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NASA's Parker Solar Probe named after Michigan-born astrophysicist

Courtesy of the University of Chicago
Michigan-born astrophysicist Eugene Parker.

For the first time in history, NASA has named a spacecraft after a living individual. The Solar Probe Plus has been renamed to the Parker Solar Probe in honor of accomplished astrophysicist Eugene Parker. 

Parker, a Michigan native, received a Bachelor of Science in physics from Michigan State University and went on to receive his doctorate from the California Institute of Technology. The 89-year-old currently serves as the S. Chandrasekhar Distinguished Service Professor Emeritus in the Department of Astronomy and Astrophysics at the University of Chicago. 

When Parker was just 28 years old, he discovered the phenomenon known as "solar wind," high speed matter and magnetism that constantly escapes the sun and affects the planets in our solar system. This formed the basis for most of our understanding about how stars interact with orbiting planets.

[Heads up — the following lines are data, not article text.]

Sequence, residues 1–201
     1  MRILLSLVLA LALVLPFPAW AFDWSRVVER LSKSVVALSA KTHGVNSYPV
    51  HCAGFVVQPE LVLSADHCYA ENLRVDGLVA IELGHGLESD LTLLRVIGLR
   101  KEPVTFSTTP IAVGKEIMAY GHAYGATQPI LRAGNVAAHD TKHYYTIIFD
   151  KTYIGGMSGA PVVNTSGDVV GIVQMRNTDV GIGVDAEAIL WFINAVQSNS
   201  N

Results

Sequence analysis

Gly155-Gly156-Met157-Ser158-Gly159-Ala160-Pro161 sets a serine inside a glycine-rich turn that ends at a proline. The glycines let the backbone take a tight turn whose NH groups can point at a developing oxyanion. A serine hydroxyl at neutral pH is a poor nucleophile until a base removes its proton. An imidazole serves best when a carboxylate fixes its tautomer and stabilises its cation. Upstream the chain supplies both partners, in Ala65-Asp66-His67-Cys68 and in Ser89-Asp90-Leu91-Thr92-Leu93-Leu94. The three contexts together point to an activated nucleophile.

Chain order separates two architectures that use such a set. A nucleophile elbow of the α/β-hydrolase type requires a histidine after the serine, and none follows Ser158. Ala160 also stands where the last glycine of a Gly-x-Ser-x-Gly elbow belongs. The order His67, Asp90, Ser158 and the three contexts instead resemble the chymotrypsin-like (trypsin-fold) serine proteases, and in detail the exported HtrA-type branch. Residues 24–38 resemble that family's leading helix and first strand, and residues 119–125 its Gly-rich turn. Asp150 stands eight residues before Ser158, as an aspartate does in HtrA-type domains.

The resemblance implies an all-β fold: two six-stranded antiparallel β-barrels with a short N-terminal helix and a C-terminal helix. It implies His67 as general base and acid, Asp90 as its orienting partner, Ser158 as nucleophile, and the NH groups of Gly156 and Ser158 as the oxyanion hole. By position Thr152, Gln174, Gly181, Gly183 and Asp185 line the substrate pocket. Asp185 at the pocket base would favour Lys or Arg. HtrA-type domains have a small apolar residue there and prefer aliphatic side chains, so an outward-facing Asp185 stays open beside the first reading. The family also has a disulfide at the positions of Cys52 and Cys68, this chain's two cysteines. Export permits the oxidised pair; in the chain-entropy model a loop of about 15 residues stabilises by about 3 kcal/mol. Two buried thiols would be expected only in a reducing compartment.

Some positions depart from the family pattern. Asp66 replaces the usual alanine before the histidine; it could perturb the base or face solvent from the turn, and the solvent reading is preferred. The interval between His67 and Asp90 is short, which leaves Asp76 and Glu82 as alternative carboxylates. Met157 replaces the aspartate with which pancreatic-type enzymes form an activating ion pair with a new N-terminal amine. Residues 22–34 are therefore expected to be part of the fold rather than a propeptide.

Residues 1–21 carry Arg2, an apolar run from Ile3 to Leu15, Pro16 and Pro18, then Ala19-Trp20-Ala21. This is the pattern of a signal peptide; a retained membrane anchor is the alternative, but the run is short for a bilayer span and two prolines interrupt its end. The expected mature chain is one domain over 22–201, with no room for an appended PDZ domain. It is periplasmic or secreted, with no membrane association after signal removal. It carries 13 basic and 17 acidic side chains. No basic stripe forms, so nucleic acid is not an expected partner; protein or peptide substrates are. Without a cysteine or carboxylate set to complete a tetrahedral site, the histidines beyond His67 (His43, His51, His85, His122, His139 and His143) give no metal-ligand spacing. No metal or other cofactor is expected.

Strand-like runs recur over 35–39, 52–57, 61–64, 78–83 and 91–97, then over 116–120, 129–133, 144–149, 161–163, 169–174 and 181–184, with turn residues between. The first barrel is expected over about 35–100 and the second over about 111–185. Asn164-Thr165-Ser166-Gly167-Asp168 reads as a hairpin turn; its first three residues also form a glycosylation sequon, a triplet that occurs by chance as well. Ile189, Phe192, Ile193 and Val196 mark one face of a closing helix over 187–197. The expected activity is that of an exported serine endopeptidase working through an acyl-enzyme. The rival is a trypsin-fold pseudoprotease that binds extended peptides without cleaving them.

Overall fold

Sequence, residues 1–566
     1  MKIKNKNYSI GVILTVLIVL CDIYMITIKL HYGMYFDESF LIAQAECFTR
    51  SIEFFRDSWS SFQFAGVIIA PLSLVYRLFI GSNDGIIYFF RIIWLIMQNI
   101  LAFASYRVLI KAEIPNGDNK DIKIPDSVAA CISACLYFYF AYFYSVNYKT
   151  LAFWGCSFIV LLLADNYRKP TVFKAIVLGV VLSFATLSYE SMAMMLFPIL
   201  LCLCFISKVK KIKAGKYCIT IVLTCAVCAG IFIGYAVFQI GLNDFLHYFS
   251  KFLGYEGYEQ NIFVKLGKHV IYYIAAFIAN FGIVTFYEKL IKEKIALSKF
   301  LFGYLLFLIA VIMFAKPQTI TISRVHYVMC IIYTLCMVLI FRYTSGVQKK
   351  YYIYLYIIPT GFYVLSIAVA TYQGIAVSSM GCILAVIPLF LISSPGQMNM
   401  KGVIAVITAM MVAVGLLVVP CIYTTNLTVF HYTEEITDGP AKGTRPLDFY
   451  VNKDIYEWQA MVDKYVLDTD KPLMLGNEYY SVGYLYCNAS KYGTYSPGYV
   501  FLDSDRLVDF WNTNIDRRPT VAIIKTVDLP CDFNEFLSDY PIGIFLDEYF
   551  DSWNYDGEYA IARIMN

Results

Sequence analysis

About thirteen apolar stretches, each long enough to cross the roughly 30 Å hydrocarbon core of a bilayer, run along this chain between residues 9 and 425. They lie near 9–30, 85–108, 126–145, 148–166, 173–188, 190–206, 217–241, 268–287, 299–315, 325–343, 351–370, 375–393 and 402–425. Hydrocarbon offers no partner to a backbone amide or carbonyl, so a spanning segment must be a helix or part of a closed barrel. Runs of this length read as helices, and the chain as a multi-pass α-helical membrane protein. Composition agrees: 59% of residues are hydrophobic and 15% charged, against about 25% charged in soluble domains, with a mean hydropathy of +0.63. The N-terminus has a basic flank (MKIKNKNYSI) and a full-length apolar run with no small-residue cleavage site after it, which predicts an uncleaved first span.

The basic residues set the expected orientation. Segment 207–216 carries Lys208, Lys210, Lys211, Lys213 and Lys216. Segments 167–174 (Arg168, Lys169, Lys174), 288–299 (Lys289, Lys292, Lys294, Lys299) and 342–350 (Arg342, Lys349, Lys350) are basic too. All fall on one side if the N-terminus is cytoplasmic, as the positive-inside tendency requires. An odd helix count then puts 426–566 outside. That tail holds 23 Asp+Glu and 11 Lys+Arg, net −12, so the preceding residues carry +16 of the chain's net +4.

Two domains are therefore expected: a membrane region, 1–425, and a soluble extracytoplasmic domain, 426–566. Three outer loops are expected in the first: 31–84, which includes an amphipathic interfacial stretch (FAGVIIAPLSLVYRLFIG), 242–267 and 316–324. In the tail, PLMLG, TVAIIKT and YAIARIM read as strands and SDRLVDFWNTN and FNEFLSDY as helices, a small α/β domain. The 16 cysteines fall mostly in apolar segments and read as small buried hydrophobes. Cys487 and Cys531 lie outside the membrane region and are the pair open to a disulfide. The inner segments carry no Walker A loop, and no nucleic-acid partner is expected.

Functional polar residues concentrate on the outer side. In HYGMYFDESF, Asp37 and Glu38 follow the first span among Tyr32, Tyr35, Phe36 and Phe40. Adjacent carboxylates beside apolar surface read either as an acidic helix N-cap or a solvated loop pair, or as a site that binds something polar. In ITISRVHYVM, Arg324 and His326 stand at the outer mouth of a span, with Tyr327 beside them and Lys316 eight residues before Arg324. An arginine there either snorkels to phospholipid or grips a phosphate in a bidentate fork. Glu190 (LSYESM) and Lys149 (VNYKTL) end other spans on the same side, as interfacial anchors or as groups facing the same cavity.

Credit Courtesy of the University of Chicago

"Ever since I can remember as a child, I enjoyed very much learning how things work, starting at very primitive levels like a gasoline engine or a steam engine," Parker said. 

He also theorized an explanation for why the "corona," or superheated solar atmosphere, is hotter than the surface of the sun itself, contradictory to physics laws. 

He has received several awards for his research, including the National Medal of Science and the Gold Medal of the Royal Astronomical Society. 

Due to Parker's vast accomplishments and close alignment to the mission, NASA chose to name the probe after him.  

In the summer of 2018, the probe will be heading straight for the sun's surface.

Credit Credits: Johns Hopkins University Applied Physics Laboratory
Illustration of the Parker Solar Probe spacecraft approaching the sun.

"Something maintains the temperature at a million degrees, and that's where the solar probe plus is going, this region of space that's never been observed before because it's too hot," Parker said. 

The launch is part of NASA's Living With a Star program which aims to gain more knowledge on how the sun-Earth system affects daily life. NASA hopes the probe will finally answer some puzzling questions about solar physics. 

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